The first few months in a new CFO role can be challenging, not to mention overwhelming. There is so much to understand about a new organization but you may also be feeling the pressure to solve challenges quickly. It’s a tricky balance.
Making adjustments, without enough information, means you could be detrimental to progress in the long run. However, take too long to make changes and the rest of the executive management team may start to question your effectiveness.
The best approach is to start simple. First, understand the business landscape & priorities. Next, learn the barriers to meeting corporate & team objectives and finally assign the actions to move things forward. How this unfolds will likely vary from company to company but we like to think of the process in three steps:
- 1. Discover
- 2. Diagnose
- 3. Direct
Discover: Understand executive priorities, the financials and how the business operates.
In a ninety-day plan, learning the in’s and out’s of a company is the most involved part of the process and probably the most important. Depending on your experience level as a CFO, it could take a couple of days or a couple of weeks.
While you dive headfirst into the financials, start learning the short and long-term objectives of your new employers. You can do this by arranging meetings not just with the CEO but with every other member of the leadership team. These meetings will help give more context to your evaluation of the company’s financial situation.
The best use of time in these meetings is to understand, at a high level, the various responsibilities of each department and how they work with the finance team. Also learn the value that finance brings to each department, the level of involvement finance has with certain decisions and historically, how well the finance department has worked with other teams.This helps set a tone of collaboration and help a positive reputation as you help other departments achieve their goals.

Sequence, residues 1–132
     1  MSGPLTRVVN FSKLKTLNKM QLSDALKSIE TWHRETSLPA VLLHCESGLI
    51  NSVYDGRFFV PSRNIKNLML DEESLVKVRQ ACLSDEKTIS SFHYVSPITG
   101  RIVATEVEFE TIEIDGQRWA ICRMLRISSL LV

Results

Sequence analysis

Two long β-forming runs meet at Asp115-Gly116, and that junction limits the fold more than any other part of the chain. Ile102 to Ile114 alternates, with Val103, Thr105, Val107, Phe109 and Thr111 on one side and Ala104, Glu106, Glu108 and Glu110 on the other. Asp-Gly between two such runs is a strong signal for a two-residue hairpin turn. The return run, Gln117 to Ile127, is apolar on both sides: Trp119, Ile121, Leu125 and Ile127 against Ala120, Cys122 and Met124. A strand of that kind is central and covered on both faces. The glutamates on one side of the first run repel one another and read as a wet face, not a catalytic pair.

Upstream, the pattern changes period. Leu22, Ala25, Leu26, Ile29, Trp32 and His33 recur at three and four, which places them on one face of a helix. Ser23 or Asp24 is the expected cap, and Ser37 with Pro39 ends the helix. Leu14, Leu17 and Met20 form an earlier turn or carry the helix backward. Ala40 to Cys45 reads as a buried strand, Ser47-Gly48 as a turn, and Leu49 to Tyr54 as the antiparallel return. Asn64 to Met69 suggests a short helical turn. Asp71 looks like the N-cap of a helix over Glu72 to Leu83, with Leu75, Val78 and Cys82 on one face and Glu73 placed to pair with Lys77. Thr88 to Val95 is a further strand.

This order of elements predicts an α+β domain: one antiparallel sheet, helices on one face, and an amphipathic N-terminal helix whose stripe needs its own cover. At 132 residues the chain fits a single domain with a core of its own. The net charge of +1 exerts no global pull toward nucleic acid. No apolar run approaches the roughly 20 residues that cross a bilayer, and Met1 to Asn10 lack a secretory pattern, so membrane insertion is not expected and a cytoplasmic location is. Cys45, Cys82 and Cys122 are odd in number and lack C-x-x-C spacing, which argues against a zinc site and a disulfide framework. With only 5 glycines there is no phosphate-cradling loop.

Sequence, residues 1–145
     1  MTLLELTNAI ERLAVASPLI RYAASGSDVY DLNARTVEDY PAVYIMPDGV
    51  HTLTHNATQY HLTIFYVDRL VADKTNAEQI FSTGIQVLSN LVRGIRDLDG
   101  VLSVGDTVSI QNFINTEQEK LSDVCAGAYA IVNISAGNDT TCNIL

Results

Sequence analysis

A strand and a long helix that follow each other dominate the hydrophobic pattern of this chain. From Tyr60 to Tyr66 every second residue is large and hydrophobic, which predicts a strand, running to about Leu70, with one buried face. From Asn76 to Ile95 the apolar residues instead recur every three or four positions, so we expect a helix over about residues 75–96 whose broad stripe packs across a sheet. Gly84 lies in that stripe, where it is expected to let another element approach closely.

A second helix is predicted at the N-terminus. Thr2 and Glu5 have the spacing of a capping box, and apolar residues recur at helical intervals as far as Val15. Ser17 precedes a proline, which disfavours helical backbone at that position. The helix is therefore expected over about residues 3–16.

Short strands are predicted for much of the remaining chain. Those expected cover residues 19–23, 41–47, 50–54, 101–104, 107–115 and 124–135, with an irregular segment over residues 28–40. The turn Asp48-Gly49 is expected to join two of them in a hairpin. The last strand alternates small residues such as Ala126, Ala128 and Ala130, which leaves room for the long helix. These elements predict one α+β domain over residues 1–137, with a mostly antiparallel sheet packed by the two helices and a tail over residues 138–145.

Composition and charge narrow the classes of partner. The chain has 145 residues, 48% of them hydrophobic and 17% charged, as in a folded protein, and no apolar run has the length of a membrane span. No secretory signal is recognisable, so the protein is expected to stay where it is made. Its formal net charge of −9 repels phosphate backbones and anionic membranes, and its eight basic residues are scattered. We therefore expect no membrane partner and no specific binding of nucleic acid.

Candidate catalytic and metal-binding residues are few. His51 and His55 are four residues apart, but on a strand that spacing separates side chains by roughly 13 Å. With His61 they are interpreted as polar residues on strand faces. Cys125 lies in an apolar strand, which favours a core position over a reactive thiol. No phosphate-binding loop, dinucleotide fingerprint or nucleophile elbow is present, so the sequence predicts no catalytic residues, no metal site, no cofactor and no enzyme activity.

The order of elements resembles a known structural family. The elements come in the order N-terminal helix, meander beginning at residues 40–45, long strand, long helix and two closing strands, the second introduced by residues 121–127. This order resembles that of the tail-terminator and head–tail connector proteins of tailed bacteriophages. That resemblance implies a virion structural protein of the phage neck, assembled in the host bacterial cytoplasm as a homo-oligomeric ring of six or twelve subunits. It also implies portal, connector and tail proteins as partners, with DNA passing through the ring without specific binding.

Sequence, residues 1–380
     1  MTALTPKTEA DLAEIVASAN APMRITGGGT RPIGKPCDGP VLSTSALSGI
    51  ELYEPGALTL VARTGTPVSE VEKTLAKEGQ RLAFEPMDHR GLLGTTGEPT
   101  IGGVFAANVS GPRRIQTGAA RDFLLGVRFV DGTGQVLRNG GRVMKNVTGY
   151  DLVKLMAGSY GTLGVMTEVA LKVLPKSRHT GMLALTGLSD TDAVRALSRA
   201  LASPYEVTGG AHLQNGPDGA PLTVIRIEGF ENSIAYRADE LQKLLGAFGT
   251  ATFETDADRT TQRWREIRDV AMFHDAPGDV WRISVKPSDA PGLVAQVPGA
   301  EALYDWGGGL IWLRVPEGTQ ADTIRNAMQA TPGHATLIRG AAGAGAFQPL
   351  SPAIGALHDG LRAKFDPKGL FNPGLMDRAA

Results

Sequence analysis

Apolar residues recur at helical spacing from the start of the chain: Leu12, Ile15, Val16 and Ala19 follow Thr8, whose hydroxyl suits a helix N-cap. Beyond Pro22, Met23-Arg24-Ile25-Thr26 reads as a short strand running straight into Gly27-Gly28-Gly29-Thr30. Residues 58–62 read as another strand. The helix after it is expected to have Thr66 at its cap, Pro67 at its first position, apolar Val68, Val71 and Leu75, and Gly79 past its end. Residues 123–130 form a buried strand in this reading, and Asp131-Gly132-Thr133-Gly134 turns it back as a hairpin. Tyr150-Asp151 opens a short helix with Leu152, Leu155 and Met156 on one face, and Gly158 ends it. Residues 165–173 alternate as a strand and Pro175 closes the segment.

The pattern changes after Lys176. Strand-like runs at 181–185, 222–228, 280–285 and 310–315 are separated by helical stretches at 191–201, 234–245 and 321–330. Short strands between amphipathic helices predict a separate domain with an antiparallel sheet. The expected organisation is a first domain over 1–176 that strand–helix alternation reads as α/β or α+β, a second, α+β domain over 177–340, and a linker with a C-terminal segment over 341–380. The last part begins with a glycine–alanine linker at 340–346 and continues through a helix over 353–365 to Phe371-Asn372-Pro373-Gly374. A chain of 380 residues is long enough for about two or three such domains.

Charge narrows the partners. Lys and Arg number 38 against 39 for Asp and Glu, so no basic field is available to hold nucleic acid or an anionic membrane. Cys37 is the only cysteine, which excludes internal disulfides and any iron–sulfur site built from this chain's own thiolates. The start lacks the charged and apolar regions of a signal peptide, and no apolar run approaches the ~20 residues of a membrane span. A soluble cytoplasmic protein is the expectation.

(Building relationships with your own team as a CFO will also be important, however, these relationships will develop naturally over time. Understanding the larger picture and how your finance team fits into it, will be more useful during the first 90 days).
When it comes to grasping the organization’s financial health, here are the core areas you should focus on:
Cash Flow: Take the pulse of the current cash position and projections. It’s important to understand the financial runway you have if sales dry up. It’s also vital to uncover liquidity issues that the company needs to quickly resolve.
Accounting Practices: Understand how things are being done and what has happened historically. It’s vital to ensure there are no regulatory issues or other areas of concern that must be immediately addressed.
Audit Issues: Work with auditors or any auditing committee to review the process and all internal safeguards.
After taking in the financials and meeting with the leadership team, it’s time to understand how the business works and how it competes in the marketplace. This can take the form of product demonstrations, site visits or whatever method works best for grasping the external environment. In short, understand how the company makes money and future revenue plans.